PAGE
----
Russian Ring of Digital Ad Crooks Is Reportedly Making Over $3 Million a Day

'Methbot' smokes brand budgets

White Ops today reported that a group of Russia-based cybercriminals is stealing $3 million to $5 million daily from premium-video-focused advertisers. The fraud-fighting player discovered an extensive network of automated web browsers called Methbot, which it says consists of custom software running on data servers in Amsterdam and Dallas.

According to White Ops, Methbot runs differently than common fraud bots, which usually infect computers with malicious software that serve ads seen by zero people. The ring of fraudsters created approximately 600,000 counterfeit IP addresses that appear to be legitimate, the researchers said, by hacking into a pair of the world's regional internet registries.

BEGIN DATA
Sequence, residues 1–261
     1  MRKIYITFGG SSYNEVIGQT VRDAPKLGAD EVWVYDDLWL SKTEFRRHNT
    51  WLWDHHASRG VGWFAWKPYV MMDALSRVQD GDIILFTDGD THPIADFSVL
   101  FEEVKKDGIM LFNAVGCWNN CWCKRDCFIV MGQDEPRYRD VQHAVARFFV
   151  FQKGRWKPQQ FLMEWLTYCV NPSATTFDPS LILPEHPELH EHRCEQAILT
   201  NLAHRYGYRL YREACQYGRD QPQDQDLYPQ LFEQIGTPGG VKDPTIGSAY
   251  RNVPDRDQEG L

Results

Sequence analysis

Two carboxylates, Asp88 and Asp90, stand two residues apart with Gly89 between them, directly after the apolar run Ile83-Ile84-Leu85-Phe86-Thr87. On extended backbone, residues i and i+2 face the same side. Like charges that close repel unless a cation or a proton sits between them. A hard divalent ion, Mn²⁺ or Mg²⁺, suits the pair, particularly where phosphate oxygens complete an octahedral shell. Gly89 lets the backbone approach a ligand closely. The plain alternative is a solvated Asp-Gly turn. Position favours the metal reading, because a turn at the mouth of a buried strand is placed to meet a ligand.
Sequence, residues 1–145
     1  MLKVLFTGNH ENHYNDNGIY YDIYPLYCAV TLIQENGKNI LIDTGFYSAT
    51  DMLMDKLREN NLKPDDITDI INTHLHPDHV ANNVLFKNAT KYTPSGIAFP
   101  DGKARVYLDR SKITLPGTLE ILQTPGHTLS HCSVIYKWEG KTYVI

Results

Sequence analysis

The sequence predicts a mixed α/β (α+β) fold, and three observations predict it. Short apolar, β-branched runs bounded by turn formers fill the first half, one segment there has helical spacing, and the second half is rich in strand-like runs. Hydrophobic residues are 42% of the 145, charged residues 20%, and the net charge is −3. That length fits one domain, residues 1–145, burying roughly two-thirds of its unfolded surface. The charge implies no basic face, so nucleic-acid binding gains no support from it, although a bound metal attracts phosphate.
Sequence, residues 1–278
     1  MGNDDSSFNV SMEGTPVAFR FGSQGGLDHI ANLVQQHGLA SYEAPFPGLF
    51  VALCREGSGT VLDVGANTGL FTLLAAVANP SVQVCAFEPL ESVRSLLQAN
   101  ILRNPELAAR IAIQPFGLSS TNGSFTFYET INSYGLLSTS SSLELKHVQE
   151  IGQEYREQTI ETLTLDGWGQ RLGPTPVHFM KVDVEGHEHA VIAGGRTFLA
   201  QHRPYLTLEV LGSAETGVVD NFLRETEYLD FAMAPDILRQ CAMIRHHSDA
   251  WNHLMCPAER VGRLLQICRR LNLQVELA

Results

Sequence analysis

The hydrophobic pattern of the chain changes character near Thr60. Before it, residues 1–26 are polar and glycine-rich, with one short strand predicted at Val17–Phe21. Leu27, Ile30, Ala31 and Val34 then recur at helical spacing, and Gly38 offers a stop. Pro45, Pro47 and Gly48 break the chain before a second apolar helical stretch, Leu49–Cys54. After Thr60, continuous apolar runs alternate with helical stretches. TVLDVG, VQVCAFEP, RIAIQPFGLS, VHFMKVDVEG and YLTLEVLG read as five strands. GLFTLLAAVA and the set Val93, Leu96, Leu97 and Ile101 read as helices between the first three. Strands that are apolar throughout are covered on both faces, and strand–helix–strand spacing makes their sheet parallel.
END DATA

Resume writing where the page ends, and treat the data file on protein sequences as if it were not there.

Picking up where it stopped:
The nefarious operators then registered those IP addresses to actual online service providers such as Verizon, Comcast and Spectrum (formerly Time Warner). This tactic made their faux internet activity appear genuine before commanding their bot army to generate 200 million to 300 million impressions and charging brands for premium video ads. 

White Ops said the scam affected some 6,000 top publishers including ESPN, Fox News, Fortune, The Huffington Post, The Economist, ESPN, Vogue and CBS Sports.

A White Ops spokesperson told Adweek that Methbot is still running, and it seems uncertain when the fraudulent operation began.

It's yet another black eye to an already battered digital advertising marketplace, which has been battling fraud in recent years. The news likely comes as a sordid reminder about the complexity of the battle ahead—a battle many in the industry have been fighting in earnest.